[cfe-dev] Static Analyzer - symbolic expressions in a program

Shweta Shinde shwetasshinde24 at gmail.com
Thu Mar 7 19:27:41 PST 2013

Thanks for the reply!

I will use the checkAssume callback and check if I can manage to get what I

It will be great if STP is made available as an alternative in cases where
precise results is the priority.
For now, I would like to check if the slowdown due to Ryan's patch is
significant or trivial for my purposes.
Can I get the patch for checking the slowdown on my tests?


On Fri, Mar 8, 2013 at 2:59 AM, Jordan Rose <jordan_rose at apple.com> wrote:

> There is a checker callback for when constraints are added: checkAssume.
> However, the form in which you receive the assumption. will be the form
> it's constructed in the source, which may not be the most conducive to
> actually tracking constraints being added. (Example: "x + 7 > 42".)
> Deconstructing this properly would require duplicating a lot of the work
> inside the existing constraint solver.
> One possible alternative would be to implement your own constraint solver,
> which would wrap or share an implementation with RangeConstraintManager.
> I'm not sure whether this will be useful for your purposes, however.
> It's interesting that you bring up STP in particular, because Ryan
> Govostes was working on a patch to add STP as an optional alternate
> constraint solver. Though it has some rough edges, it was basically
> working, though not quite integrated into the build system. It hasn't gone
> in yet because Ryan's been busy, and because we've been too busy to help in
> review. One consequence of this is that STP is *much* slower than our
> range-based constraint manager, so the cost of the analyzer's
> upper-bound-exponential algorithm is much worse. Still, we'd like to get
> that in eventually for people who are willing to throw a lot of time at a
> problem in order to get better results.
> Jordan
> On Mar 5, 2013, at 3:29 , Shweta Shinde <shwetasshinde24 at gmail.com> wrote:
> Hello Jordan,
> Thanks for your reply and sharing the talk details. It helped to get a
> better understanding of the static analyzer design.
> In the talk it is mentioned that static analyzer collects the constraints
> on symbolic values along each path while building a graph of reachable
> program states.
> I am trying to collect all the program points where a new constraint is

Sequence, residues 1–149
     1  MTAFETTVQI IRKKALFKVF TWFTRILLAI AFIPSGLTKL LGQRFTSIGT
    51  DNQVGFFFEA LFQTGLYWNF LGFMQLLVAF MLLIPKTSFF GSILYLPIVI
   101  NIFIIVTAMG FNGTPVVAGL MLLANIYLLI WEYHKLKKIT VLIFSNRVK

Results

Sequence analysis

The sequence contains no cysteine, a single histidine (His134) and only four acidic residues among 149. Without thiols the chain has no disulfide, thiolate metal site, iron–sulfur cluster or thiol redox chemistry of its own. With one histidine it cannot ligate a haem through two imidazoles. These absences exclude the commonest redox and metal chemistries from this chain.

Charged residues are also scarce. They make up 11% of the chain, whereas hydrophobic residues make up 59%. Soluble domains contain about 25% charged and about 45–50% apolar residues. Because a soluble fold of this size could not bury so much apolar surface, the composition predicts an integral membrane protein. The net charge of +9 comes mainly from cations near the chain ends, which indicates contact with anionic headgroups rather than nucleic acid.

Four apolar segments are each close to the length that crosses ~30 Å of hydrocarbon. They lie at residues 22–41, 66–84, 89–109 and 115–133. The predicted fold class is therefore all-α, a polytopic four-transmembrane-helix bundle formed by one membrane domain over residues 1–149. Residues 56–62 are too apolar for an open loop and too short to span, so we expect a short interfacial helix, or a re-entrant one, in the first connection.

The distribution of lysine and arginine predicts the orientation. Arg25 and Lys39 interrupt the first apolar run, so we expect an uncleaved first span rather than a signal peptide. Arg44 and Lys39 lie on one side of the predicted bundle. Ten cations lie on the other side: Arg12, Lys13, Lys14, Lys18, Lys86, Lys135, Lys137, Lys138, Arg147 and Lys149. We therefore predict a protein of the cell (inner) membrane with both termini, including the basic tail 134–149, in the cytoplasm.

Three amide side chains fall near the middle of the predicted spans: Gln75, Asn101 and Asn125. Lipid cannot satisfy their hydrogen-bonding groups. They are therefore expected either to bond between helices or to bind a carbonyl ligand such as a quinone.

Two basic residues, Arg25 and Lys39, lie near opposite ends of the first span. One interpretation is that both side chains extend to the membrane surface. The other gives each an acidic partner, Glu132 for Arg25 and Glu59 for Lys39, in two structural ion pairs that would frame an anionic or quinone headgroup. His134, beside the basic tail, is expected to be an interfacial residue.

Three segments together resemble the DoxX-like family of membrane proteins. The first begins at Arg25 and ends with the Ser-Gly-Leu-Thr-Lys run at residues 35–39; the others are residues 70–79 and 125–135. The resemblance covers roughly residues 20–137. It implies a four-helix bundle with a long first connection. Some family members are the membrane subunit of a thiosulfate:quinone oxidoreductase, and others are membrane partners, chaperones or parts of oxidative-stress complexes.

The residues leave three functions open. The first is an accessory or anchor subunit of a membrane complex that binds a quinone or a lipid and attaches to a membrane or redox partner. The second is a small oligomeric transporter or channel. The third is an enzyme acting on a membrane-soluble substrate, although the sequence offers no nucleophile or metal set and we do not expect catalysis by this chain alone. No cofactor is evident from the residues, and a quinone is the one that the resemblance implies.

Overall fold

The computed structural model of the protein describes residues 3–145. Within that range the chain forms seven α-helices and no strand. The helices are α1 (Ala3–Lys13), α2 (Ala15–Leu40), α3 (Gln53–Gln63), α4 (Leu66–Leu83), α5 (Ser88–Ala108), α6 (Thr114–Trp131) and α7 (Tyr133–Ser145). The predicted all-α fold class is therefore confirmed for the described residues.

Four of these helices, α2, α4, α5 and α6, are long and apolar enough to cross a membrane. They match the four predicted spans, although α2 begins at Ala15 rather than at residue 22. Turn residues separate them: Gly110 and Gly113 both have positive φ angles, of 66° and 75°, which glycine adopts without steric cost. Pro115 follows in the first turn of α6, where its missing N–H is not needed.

> added. In the end, I want to track where and what new constraints are being
> added for all variables in program. By this, I can construct a symbolic
> expression for symbolic variable.
> To do this, I am considering the possibility of implementing a checker --
> just to access the program point and program state data stored in the node.
> This checker will not update the node state or generate a sink. Is it
> feasible? If a sink node is not added, will the analysis terminate?
> Although the constraint solver doesn't handle bitwise operations and
> multiple symbols, is there a way to just generate these constraints and
> then use a better solver, perhaps STP?
> Thanks,
> Shweta
> On Tue, Mar 5, 2013 at 10:46 AM, Jordan Rose <jordan_rose at apple.com>
> wrote:
>> Hello, Shweta. Currently, the static analyzer infrastructure isn't set up
>> to run without any bug reporting—the "core" checkers which check for things
>> like "division by zero" and "null pointer dereference" are used both for
>> generating warnings and for halting analysis along a certain path.
>> I'm not sure what you mean by "getting symbolic expressions statically".
>> The analyzer works in terms of symbolic and concrete values (SVals); the
>> symbolic values have a typed representation with a basic hierarchical
>> structure (SymExpr and SymbolData). In most parts of the analyzer, you
>> don't ask for the current value of a variable but rather construct an
>> expression involving the variable and ask the current state (ProgramState)
>> to evaluate it.
>> Our current constraint solver is fairly simple, keeping sets of possible
>> (scalar) values for symbols and applying a set-union each time a new
>> constraint is added. The implementation uses sets of ranges as a fairly
>> compact way to represent an accumulation of constraints on integers.
>> However, constraints on symbols are not the only way a path can be deemed
>> infeasible; any checker can mark the path as such. This is useful for, say,
>> exceptions, which involve a control flow transfer that we can't follow
>> without whole-program analysis.
>> Anna Zaks and I gave a talk at last year's LLVM Developer Meeting, which
>> you can watch here <http://llvm.org/devmtg/2012-11/>. It's more aimed at
>> checker writers, but the first part does contain a discussion of the
>> high-level design of the analyzer and some of the important classes,
>> including the ones I mentioned above.
>> Please feel free to e-mail us if you have specific questions about the
>> static analyzer.
>> Best,
>> Jordan
>> On Mar 4, 2013, at 3:06 , Shweta Shinde <shwetasshinde24 at gmail.com>
>> wrote:
>> Hi all,
>> I am working on static symbolic analysis and came across Clang Static
>> Analyzer.
>> However, I am interested only in getting the symbolic expressions
>> statically and not the bug finding logic of static analyzer.
>> So far, I am able to view the graph (which show the value ranges
>> for symbolic variables) using the following option:
>> clang -cc1 -analyze -analyzer-checker=core -analyzer-viz-egraph-graphviz
>> test.c
>> Now, I want to get the actual symbolic expressions for these variables.
>> How can I get it?
>> As I won't be doing any bug analysis should I still write a checker just
>> to access the analysis data, or is there any other way I can get the path
>> symbolic expressions for all paths?
>> Also, what kind of solver does clang static analyzer use for
>> path satisfiability?
>> Regards,
>> Shweta
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